U.S. yields are edging higher as risk-off impulses ease. The U.S. 10-year yield traded as low as 2.71% yesterday but has since risen to 2.81% currently. Similarly, the 2-year traded as low as 2.47% Wednesday but has since risen to 2.57% currently. Global equity markets are recovering, with U.S. futures pointing to a higher open. The dollar continues to firm along with the higher yields, which can be chalked up to the dollar smile theory that suggests the dollar will gain during periods of strong U.S. data and rising U.S. rates as well as bouts of risk-off sentiment. Furthermore, we must stress that negative developments in the rest of the world (Russian gas supplies, dovish BOJ, etc.) are playing a big part in the dollar’s strength buy highlighting relative fundamentals that favor the greenback.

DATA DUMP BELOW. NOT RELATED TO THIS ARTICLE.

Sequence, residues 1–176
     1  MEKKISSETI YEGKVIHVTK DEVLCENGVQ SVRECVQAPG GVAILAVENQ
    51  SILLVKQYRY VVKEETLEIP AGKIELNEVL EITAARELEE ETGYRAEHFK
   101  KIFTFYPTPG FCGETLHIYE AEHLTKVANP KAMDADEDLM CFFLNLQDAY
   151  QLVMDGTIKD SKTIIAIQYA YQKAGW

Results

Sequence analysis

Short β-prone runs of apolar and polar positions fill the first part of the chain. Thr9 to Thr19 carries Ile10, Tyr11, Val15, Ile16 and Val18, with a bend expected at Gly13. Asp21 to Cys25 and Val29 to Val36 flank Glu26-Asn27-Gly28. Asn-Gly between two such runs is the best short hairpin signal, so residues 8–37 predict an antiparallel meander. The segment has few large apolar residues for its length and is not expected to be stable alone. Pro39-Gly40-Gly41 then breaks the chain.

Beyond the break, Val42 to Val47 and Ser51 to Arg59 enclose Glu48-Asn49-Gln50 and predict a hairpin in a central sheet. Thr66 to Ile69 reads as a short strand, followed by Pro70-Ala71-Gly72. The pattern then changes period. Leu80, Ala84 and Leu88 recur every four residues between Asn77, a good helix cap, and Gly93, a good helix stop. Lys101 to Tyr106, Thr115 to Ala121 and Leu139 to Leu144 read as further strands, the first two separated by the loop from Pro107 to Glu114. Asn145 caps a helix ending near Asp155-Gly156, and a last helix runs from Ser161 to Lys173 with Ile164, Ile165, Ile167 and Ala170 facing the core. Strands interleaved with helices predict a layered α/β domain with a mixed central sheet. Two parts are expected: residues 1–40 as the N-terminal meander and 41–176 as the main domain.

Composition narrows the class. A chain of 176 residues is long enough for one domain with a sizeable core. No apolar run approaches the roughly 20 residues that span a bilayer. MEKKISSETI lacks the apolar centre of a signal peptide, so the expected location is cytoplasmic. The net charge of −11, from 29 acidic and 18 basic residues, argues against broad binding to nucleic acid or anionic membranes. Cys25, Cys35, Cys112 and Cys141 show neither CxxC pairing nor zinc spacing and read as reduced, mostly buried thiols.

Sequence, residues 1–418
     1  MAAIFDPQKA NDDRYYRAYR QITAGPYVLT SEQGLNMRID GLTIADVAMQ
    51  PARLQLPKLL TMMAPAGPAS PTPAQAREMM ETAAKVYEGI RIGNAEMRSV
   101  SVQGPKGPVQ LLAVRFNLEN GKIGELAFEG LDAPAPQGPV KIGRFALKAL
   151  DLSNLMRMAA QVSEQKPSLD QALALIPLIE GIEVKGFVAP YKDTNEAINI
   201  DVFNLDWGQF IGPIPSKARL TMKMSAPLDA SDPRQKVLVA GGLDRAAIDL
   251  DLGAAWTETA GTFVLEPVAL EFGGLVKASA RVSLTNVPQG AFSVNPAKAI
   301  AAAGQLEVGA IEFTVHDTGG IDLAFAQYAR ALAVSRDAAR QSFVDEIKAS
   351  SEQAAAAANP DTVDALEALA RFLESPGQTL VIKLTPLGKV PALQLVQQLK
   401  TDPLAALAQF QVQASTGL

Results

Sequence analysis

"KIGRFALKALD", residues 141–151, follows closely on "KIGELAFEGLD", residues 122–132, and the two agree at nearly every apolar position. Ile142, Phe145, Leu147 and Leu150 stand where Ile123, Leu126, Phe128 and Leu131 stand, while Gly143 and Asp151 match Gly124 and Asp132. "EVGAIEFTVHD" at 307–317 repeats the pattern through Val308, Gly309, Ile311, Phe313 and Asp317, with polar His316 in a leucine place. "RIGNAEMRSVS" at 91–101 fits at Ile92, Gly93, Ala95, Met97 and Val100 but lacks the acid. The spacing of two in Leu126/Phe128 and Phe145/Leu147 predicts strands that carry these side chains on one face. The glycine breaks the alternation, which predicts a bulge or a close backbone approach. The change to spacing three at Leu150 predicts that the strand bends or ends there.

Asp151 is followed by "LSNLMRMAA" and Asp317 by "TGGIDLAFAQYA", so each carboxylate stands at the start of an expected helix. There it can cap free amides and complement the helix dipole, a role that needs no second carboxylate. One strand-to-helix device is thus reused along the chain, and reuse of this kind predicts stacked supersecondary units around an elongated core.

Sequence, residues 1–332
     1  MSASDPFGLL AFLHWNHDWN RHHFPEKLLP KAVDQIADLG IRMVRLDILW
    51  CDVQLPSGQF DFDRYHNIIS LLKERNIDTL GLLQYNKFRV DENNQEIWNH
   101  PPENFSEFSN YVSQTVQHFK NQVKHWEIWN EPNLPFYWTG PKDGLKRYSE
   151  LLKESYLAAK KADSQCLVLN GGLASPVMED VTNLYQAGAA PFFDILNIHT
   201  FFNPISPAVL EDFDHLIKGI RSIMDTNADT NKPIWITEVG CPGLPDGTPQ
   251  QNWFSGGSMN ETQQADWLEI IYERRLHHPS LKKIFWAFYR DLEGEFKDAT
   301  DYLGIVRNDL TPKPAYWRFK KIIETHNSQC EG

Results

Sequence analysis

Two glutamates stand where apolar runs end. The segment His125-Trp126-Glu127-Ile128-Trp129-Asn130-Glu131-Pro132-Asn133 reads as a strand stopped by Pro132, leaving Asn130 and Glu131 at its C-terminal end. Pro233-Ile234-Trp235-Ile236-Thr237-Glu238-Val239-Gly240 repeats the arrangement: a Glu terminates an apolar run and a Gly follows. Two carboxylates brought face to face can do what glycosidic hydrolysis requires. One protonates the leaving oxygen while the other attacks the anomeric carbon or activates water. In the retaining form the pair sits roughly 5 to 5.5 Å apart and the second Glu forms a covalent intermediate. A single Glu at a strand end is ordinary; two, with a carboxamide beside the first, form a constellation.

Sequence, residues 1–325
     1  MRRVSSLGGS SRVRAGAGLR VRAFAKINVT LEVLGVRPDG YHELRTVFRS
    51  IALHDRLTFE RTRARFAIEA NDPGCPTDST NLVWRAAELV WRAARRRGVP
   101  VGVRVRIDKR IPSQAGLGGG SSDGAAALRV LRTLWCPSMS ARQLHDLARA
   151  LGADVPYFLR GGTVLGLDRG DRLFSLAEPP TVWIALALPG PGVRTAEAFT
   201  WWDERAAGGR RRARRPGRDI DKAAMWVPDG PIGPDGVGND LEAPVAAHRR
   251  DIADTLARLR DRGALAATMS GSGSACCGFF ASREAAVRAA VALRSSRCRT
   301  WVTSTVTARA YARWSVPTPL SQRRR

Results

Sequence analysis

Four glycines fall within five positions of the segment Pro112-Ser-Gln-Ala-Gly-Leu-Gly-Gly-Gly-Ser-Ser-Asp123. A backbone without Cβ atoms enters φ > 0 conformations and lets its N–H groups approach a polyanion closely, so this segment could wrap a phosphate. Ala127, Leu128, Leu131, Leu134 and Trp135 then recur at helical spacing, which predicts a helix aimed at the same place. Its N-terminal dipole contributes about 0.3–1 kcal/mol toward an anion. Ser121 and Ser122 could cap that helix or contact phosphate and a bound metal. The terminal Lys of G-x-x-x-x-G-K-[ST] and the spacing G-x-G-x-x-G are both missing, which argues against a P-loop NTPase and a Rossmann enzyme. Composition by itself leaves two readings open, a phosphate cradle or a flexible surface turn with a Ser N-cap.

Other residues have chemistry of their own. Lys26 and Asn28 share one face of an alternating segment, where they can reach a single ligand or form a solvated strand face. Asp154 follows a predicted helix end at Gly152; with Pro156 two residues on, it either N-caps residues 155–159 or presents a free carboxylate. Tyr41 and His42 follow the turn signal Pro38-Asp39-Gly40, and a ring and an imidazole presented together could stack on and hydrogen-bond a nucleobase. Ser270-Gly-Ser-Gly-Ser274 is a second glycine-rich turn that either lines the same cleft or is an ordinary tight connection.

Fed tightening expectations remain relatively robust. WIRP suggests 50 bp hikes at the May 3-4 and June 14-15 meetings are fully priced in, with nearly 25% odds of a possible 75 bp move in June. Looking ahead, swaps market is pricing in 275 bp of tightening over the next 12 months that would see the policy rate peak near 3.25%. While this almost meets our own call for a 3.5% terminal rate, we continue to see risks that the expected terminal rate moves even higher if inflation proves to be even more stubborn than expected. The media blackout ahead of the FOMC meeting is in effect and so there will be no Fed speakers until Chair Powell’s post-decision press conference the afternoon of May 4.